The strength of chosen (red) and unchosen (blue) representations was averaged in 20 ms bins, stepped forward by 5 ms and used to predict choice times. (a) Each pair of picture values was analyzed separately with multiple regressions, and β coefficients are plotted. Time bins significant at p ≤ 0.05 (uncorrected) are highlighted. Most comparisons show a trend toward negative correlations between choice times and the strength of chosen representations and positive correlations between choice times and unchosen representations. (b) The six curves in A were aggregated to compute statistical significance. The plot shows the mean beta values (fill = ± SEM; n = 6). Significance was calculated by aggregating the mean squared error (MSE) from all trials. The value √(MSE/n) is the standard error of the mean beta coefficient, and was used to compute a tstatistic and its 2sided significance level. Shaded blocks in the plot show regions where the aggregate beta for chosen (red) or unchosen (blue) strength was significantly different from zero. (p ≤ 0.05 × 6 consecutive time bins to correct for multiple comparisons). For this analysis, trials with very short choice times (<170 ms) were excluded to reduce the positive skew in the distributions when power was reduced (n = 2795 trials).
Supplementary Figure 10 Quick and deliberative decisions, separately by subject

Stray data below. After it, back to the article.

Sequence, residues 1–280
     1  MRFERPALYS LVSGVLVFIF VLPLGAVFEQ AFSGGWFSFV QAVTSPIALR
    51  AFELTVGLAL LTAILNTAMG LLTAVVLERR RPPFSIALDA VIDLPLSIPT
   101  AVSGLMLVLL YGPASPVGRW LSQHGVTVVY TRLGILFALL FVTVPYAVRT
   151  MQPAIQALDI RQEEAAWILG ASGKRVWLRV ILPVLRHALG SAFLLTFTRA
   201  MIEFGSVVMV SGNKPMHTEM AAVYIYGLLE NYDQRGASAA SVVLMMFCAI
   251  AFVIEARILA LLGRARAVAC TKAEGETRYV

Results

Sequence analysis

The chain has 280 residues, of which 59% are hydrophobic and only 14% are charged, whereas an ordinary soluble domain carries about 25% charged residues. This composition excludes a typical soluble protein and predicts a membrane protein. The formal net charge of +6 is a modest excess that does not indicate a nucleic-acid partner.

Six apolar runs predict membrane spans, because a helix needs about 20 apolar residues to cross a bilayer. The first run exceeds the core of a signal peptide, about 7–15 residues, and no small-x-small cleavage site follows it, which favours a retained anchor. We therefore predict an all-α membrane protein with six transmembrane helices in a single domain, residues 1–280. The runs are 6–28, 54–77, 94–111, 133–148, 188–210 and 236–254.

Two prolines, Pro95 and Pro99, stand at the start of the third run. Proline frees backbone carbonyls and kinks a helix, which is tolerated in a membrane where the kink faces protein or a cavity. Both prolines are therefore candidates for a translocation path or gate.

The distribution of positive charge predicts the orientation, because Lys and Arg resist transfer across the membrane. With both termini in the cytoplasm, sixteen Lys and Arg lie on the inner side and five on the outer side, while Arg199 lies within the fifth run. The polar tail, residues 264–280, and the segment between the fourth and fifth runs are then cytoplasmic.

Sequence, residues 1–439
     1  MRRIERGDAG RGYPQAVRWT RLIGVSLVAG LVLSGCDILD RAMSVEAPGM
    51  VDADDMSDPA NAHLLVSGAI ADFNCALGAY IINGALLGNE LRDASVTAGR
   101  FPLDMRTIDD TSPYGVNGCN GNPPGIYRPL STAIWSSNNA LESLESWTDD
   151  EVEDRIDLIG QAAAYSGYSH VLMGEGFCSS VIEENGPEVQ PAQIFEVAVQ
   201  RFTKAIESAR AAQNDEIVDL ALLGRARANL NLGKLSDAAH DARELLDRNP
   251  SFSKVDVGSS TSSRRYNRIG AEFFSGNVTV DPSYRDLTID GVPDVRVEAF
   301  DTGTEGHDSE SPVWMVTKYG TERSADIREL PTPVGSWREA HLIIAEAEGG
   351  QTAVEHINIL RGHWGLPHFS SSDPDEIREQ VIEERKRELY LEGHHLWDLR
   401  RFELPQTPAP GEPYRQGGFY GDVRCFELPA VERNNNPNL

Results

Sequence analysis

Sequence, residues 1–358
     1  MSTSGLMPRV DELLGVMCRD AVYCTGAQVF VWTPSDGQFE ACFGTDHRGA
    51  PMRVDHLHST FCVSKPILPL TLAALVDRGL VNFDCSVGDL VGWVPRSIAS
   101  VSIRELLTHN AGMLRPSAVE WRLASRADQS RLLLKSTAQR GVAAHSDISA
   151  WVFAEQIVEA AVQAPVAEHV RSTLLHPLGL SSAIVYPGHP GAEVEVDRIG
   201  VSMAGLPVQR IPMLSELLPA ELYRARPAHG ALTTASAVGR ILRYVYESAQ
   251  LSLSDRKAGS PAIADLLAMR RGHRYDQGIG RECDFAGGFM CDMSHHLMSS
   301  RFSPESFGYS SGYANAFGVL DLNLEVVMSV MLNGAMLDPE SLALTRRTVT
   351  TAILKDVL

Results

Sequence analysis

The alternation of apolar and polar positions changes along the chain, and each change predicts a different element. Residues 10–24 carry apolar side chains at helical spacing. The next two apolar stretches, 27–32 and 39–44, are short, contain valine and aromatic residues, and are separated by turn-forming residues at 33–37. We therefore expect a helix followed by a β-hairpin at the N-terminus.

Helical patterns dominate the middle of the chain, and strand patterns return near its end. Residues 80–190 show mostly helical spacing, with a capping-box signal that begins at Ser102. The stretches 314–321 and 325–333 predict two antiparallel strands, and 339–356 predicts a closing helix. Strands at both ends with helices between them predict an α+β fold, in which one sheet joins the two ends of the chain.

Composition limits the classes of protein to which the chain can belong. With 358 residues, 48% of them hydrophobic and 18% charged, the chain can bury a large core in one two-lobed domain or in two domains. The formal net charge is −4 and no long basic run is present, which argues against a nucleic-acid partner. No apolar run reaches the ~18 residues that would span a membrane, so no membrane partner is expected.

(a) The average representational strength of the chosen picture (red), the unchosen picture (blue) or one of the unavailable options (averaged across two unavailable options; green) is shown for quick and deliberative decisions as in Figure 3, but separated by subject (Subject M: n = 272 trials, Subject N: n = 166 trials). Both subjects show similar effects. When a quick decision is made, representations of the chosen item dominate, but when subjects deliberate, chosen and unchosen representations have similar strength. (b) Chosen and unchosen representations as in a, but aligned to the time of the choice. Chosen representations do not increase in strength at the time of the choice during deliberation trials. All plots show mean ± SEM.
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Rich, E., Wallis, J. Decoding subjective decisions from orbitofrontal cortex. Nat Neurosci 19, 973–980 (2016). https://doi.org/10.1038/nn.4320